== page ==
AMERICA.-Labrador-Nova Scotia-Cape Breton.

the advanced age of sixty and seventy years, who never saw a Bible: and the reception which the Scriptures furnished by your society met with in the same island, may be sufficiently judged of by the further assurance of the Secretary, that the avidity with which the Bibles and Testaments are purchased is beyond all description ; that 100 copies were sold in one day, and twice as many more could, he believes, have been disposed of with the greatest facility; and, finally, that he receives daily messages of gratitude and thanks from the inhabitants, for the more than kind attention of the British and Foreign Bible Society to their eternal welfare, in supplying them with the means of Scriptural knowledge."--Tenth Report, p. 24.

AMERICA LABRADOR.—“ Thanksgivings continue to be presented from the Christian congregations under the care of the Moravian brethren in Labrador. They represent the copies of the Scriptures which they have received in the Esquimaux language, as ' an invaluable gift, and as having tended to promote a great eagerness to learn to read, both in children and adults ; and they unite, throughout all their settlements, in praying to the LORD, 'to bless that venerable society, which exerts itself with so much zeal and charity to publish the word of God in all languages, and send it forth into all parts of the earth.'”—Tenth Report, p. 28.

“ In Labrador, we observe the simple and patient missionaries, from the Church of the United Brethren, proceeding with their usual assiduity in the translation of the whole New Testament into the Esquimaux language, and pouring forth the warmest strains of gratitude to those benefactors by whose aid the portion already translated had been printed and brought into circulation. Of this, it appears, the most diligent use was made by the members of the Esquimaux congregations. They read it, during their leisure hours, in their houses and their tents; and their whole conduct and conversation were a striking evidence of its power."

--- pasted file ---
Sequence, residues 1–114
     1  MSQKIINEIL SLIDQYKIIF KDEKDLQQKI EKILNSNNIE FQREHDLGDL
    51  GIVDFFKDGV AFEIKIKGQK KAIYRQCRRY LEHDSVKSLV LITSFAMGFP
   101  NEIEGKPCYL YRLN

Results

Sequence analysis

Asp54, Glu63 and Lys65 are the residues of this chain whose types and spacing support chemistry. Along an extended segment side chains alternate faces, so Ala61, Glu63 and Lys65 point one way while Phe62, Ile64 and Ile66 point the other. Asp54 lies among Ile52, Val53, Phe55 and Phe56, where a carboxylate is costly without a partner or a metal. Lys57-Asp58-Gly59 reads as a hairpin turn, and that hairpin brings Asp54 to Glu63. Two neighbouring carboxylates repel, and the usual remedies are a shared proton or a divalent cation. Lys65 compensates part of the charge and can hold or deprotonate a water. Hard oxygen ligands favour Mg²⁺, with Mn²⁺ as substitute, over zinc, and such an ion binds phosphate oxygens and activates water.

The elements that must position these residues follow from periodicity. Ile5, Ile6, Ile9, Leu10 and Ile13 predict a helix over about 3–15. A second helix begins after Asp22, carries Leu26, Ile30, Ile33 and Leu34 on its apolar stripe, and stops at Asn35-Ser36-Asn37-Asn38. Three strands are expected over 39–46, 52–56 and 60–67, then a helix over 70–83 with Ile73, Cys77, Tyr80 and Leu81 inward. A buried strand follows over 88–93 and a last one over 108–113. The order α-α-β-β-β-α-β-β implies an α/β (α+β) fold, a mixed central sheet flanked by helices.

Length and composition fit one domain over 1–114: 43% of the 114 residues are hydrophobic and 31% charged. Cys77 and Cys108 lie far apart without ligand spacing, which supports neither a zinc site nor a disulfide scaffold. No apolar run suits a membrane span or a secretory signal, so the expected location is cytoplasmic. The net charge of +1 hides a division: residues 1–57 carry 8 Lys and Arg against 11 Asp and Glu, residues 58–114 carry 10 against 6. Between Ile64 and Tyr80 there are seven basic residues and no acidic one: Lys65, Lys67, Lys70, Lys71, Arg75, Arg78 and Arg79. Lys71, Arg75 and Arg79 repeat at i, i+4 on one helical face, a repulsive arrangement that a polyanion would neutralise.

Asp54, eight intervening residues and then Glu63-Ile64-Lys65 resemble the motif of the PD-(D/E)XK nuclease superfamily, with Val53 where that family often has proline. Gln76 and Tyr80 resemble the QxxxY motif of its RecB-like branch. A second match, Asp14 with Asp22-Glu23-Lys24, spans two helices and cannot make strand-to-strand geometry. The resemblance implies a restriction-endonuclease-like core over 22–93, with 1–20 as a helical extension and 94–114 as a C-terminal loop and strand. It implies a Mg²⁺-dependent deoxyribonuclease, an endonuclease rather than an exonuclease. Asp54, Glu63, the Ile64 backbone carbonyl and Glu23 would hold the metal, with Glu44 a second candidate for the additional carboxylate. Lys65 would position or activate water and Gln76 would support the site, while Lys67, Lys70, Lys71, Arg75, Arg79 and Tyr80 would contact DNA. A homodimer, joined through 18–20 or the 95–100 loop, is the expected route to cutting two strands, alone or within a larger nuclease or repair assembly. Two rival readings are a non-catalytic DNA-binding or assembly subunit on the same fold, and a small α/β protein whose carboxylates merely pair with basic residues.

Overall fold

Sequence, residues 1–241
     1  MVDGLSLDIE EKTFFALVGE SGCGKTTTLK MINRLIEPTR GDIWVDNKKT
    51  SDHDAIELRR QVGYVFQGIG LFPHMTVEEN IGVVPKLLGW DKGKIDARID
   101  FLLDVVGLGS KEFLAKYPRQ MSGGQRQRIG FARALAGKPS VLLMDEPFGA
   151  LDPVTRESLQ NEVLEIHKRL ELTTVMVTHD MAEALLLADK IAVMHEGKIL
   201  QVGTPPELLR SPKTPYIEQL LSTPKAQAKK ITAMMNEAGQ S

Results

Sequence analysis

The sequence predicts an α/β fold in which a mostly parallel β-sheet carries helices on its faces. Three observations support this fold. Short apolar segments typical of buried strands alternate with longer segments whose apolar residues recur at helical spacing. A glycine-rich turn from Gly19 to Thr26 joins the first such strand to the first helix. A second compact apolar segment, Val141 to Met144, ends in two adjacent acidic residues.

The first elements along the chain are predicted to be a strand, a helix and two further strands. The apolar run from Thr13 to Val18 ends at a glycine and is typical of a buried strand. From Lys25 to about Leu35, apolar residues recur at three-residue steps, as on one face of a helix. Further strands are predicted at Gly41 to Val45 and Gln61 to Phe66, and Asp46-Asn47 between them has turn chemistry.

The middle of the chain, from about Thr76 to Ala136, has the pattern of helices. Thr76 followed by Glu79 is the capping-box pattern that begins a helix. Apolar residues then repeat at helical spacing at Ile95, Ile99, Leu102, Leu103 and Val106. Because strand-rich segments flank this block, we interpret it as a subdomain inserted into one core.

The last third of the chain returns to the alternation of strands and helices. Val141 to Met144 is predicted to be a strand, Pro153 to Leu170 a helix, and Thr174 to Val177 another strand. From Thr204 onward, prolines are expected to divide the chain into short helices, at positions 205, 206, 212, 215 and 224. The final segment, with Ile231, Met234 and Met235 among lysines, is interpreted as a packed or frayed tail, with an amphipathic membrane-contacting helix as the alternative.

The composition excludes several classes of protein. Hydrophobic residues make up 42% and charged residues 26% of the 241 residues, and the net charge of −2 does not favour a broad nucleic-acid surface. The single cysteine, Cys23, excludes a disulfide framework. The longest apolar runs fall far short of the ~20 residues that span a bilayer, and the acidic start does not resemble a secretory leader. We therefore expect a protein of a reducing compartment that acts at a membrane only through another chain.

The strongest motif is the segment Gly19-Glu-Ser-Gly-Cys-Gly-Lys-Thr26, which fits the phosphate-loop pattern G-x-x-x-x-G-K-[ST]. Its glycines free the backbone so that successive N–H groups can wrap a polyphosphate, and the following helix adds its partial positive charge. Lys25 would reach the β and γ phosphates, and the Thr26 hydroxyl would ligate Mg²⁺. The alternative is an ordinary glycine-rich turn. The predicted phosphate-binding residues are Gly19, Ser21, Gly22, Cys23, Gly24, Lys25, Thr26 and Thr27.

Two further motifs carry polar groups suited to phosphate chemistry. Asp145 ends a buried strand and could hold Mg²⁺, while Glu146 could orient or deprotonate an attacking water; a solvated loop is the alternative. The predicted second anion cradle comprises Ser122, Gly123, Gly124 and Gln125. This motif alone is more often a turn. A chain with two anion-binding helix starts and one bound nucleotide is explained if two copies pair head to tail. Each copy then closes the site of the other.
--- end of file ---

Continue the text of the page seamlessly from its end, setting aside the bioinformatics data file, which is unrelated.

Owen's History, Vol. III. p. 483. Nova Scotia.-In reference to the Bible Society established in this province, it is stated:

“ How much such an Institution was wanted, may be learnt from the assertion in the Third Report, that persons who had kept houses, with smaller or larger families, for five, ten, or more than twenty years, had not been able, till then, to obtain a Bible: and the further assertion, that 'in every instance the Scriptures seemed to have been thankfully received,' gives reason to hope that the society will not have been instituted in vain."- Ibid. Vol. III. p. 485.

CAPE BRETON.-The Governor of this colony, in a letter to Lord Teignmouth, dated May 20, 1818, after acknowledge ing the receipt of a liberal supply of Bibles and Testaments, in the Gaelic, English, and French languages, voted by the Parent Committee, observes :

“ With respect to the great mass of our population, the Highlanders, they received the beneficence of the society with the utmost gratitude. Persons have been hired, and sent from distances of eighty to one hundred miles to intreat for the sacred volume ; and instances are not wanting of others sending their children five and six miles, over frozen lakes, to be instructed by poor old widows, for the avowed purpose of reading the Bible Canada.-United States. -Scarcity of the Holy Scriptures.